• A state of emergency suspending right to assembly, among other things, was implemented on Sunday January 15. Vidal reports that the historical district in Cusco appears to be calmer than it's been in several weeks. But then on Janaury 19, protestors popped up again and roads have been blocked. Driving in and out of Cusco is tricky. Vidal describes the situation like a wound. The damage has been done and now they have to heal.
  • January and February are the normal slow season in Peru and some businesses close down or take vacations during this time. The normal seasonal slow down combined with the recent loud-mouthed protests have crippled the tourism industry. But, Vidal sees this as temporary because the Peruvian economy is driven by "day workers." If you don't work a day, you don't eat a day. It's essential that hotels, restaurants and other tourist services are stabilized so that people can work.
  • February 9, a meeting between the tourism industry representeatives and mayors of Cusco agreed to reopen Machu Picchu on February 15. (unofficial announcement. I will post official info when it's available)

Should Travelers to Peru Buy a Trip Protection Policy?

If we learned anything over the last 3 years, the answer to that question, without hesitation, is "yes!" Thanks to the covid pandemic, traveler awareness of the risk for trip interruptions and cancellations is greater than ever. It's wise to review your credit card benefits before you pay for non-refundable services and activities. If you're looking to buy trip protection, I like Squaremouth Travel Insurance because they have trained agents who can answer questions and assist travelers with finding the right policy. Be aware that the trip insurance offered when you book your flight may not be comprehensive. In other words, it may only cover the flight you're booking. If it seems cheap, that's a clue. Comprehensive travel insurance will likely cost more than $50 USD pp. 

Do Visitors Entering Machu Picchu National Park need to show their Health Documents? 

No. Peru eliminated the state of emergency effective November 1, 2022. Although it was not required to show vaccination status to enter Machu Picchu, it is not necessary to show any documents related to covid for entry to the country or any of the archaeological sites. And. And. Passengers arriving in Peru are no longer required to fill out the darn health declaration form. As always, don't believe anything you read on the internet. Go to your airlines for the final say. The airlines are the boss until you get to Lima. Then we're in charge baby!

New Policies for Inca Trail Permit Holders Visiting Machu Picchu.

I'll tell you the good news first. Hikers coming off the Inca Trail on the last day of the 4 day hike and the mini 1 day hike have exclusive access to stand right next to the famous Guard House that overlooks the Machu Picchu city. This is your "special treat" for suffering on foot to get to Machu Picchu. Visitors arriving in Machu Picchu by train and bus do not have access to this sacred spot. This spot is reserved for you! The bad news is that the Machu Picchu entry ticket that comes with your hiking permit restricts you to Machu Picchu lower circuits and you're expected to tour circuit 5 after the hike. I guess they figure you get to see Machu Picchu from the upper terraces as you descend from the Sungate and you get to stand next to the Guard shack. So this is your one and only access to the upper terraces in case you want the classic view. The ticket to Machu Picchu that comes with the permit is for lower circuit #5.. Here's a link to read more about which circuit is best for getting the iconic view of Machu Picchu.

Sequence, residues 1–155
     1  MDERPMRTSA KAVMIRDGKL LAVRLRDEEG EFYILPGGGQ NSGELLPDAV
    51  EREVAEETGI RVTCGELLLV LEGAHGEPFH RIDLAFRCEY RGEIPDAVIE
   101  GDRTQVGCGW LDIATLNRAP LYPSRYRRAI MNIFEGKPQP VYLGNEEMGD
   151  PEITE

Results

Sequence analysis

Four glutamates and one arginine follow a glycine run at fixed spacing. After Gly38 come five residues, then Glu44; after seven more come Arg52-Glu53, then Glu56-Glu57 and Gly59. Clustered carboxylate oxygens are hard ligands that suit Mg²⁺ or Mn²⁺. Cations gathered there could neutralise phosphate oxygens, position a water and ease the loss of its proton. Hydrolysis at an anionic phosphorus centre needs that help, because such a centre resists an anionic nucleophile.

Machu Picchu updates:

  • Visitors are permitted to enter Machu Picchu without a tour guide, although officials are recommending that visitors should have one. 
  • Face masks are not required except in hospitals and public transportation
  • There are 5 one way circuits and the Machu Picchu website has a great map tool that shows the layout for each circuit. CLICK HERE.
  • 4 and 5 day Inca Trail hikes open through the end of 2023. Here's a link to read about changes to the Machu Picchu tickets that come with Inca Trail permits
  • Tickets to hike WaynaPicchu and HuchuyPicchu are available at the same time all Machu Picchu tickets get released.
  • Tickets for Inca Bridge with your choice of circuit 1 or 2 are now available in 2023.
  • Lima airport "Left Luggage" storage is reopened. It's located on the international side of the airport terminal. At the back of the arrival rea.

Covid arrival protocols in Lima, Peru

As of November 1, 2022, it is no longer necessary to show any documents related to covid. You only need a valid passport and a visa if you're a citizen of a country that is required to get one. Please double check your international airlines. They are still the boss!

(Disclaimer: I am offering this information anecdotally to provide insight based on reports from real travelers and local tour guides. I am not responsible for the actions of the Peruvian authorities or airlines with regards to any arrival policy to any country)

Be Alert to Prevent Theft while traveling in Peru

A long time ago, I was a cop. And a private detective. So, it's in my blood. I can't help it. I have to share this story. In March 2022, a lone femaile Swedish tourist was walking in the Cusco historical center (near Koricancha Temple) looking at her cell phone, when a young man grabbed her phone and ran. She chased him down and caught him. Fortunately a nearby citizen patrol apprehended the man who claimed to be a Colombian national. I am not suggesting anyone should chase down a thief in case you are robbed. (but secretly, I confess I admire her)